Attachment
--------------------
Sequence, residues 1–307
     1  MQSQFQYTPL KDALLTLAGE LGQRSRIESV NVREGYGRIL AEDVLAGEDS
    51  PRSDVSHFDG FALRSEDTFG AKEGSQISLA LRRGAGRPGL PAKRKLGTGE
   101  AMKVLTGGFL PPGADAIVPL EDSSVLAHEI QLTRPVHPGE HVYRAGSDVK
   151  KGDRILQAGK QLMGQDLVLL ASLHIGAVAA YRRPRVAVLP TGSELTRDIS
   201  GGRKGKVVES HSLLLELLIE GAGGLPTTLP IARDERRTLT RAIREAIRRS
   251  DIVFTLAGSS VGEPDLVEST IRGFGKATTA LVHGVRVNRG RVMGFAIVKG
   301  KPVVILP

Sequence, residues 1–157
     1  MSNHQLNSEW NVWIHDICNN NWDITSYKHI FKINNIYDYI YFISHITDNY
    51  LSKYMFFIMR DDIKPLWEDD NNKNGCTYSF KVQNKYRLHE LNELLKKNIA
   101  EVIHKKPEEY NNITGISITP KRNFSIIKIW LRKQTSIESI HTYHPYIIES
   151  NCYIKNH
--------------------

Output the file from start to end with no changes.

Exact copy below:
Sequence, residues 1–307
     1  MQSQFQYTPL KDALLTLAGE LGQRSRIESV NVREGYGRIL AEDVLAGEDS
    51  PRSDVSHFDG FALRSEDTFG AKEGSQISLA LRRGAGRPGL PAKRKLGTGE
   101  AMKVLTGGFL PPGADAIVPL EDSSVLAHEI QLTRPVHPGE HVYRAGSDVK
   151  KGDRILQAGK QLMGQDLVLL ASLHIGAVAA YRRPRVAVLP TGSELTRDIS
   201  GGRKGKVVES HSLLLELLIE GAGGLPTTLP IARDERRTLT RAIREAIRRS
   251  DIVFTLAGSS VGEPDLVEST IRGFGKATTA LVHGVRVNRG RVMGFAIVKG
   301  KPVVILP

Sequence, residues 1–157
     1  MSNHQLNSEW NVWIHDICNN NWDITSYKHI FKINNIYDYI YFISHITDNY
    51  LSKYMFFIMR DDIKPLWEDD NNKNGCTYSF KVQNKYRLHE LNELLKKNIA
   101  EVIHKKPEEY NNITGISITP KRNFSIIKIW LRKQTSIESI HTYHPYIIES
   151  NCYIKNH